Political Insiders and Social Activists: Coalition Building in New York and Los Angeles
Hauptmeier, Marco; Turner, Lowell
[Excerpt] Why have labor movements in New York City and Los Angeles changed so dramatically? And more specifically, why have the activist social coalitions that revitalized the labor movement in Los Angeles not played the same kind of role in New York? Our research persuades us that the relationship between .contrasting coalition types—political and social—is central to explaining the differences. Political coalitions refer to cooperation between unions and parties, politicians, and other social actors, focused largely on elections and policy-making processes. Social coalitions, by contrast, include labor and other social actors such as community, religious, environmental, and immigrant rights groups, focused on a range of political, economic, and social campaigns. A comparison of the two metropolitan areas over the past two decades reveals distinct patterns of coalition building in New York and Los Angeles. In New York, the labor movement is dominated by several powerful local unions, often at odds with one another in contending political coalitions. New social coalitions have developed but are not central to organized labor's political action. The focus of most unions on narrow interest representation contributes to a disconnect between social and political coalitions in which the latter dominate. In Los Angeles, by contrast, the significance of social coalition building stands out as the labor movement has coalesced over the past fifteen years. To be sure, labor in Los Angeles participates actively in political coalitions. In contrast to New York, however, political coalitions move beyond narrow union interests, building on social coalitions that broaden the influence of labor as a whole.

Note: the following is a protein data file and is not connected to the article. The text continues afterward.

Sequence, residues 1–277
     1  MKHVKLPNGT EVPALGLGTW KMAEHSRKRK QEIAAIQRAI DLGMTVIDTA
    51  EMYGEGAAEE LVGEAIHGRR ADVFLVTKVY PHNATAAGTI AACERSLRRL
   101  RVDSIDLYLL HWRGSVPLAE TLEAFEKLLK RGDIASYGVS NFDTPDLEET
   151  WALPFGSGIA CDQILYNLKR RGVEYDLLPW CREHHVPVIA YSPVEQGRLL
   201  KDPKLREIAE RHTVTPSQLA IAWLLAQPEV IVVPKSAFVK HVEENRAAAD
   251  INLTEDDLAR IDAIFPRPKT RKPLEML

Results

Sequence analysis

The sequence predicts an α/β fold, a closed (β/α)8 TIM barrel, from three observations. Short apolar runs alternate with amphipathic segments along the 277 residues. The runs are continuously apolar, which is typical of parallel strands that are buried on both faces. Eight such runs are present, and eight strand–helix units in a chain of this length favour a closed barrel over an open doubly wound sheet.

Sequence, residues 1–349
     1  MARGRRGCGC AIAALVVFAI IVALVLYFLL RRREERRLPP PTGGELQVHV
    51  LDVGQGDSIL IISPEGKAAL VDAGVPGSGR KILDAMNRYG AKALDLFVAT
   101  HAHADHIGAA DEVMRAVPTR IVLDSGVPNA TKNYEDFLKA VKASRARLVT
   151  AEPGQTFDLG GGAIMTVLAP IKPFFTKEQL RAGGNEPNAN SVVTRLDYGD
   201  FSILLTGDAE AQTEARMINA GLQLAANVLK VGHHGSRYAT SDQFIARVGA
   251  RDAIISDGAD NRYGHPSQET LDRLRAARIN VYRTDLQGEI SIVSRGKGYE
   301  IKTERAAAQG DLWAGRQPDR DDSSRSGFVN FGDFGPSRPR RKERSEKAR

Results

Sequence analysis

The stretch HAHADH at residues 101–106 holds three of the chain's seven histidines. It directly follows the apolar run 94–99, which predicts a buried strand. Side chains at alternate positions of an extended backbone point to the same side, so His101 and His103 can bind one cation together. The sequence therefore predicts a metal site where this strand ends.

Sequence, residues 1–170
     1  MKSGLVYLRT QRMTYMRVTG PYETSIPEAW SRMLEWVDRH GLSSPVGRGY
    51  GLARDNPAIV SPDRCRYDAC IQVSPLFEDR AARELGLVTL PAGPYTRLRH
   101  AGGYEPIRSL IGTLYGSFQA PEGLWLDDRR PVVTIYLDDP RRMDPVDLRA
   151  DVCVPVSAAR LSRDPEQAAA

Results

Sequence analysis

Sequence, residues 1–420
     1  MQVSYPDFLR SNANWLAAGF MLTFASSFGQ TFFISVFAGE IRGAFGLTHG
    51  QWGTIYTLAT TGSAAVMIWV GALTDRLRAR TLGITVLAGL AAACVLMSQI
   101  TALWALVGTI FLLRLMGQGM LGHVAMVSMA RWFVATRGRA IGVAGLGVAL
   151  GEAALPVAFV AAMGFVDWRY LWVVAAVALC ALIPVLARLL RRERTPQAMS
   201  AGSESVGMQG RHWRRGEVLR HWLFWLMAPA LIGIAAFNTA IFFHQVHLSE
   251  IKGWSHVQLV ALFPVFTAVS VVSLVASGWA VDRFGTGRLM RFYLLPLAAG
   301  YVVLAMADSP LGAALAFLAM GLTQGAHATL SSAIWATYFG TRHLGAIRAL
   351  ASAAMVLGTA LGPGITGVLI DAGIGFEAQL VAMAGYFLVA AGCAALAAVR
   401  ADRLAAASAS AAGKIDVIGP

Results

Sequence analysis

political coalitions; social coalitions; labor movement; unions; cities; New York City; Los Angeles
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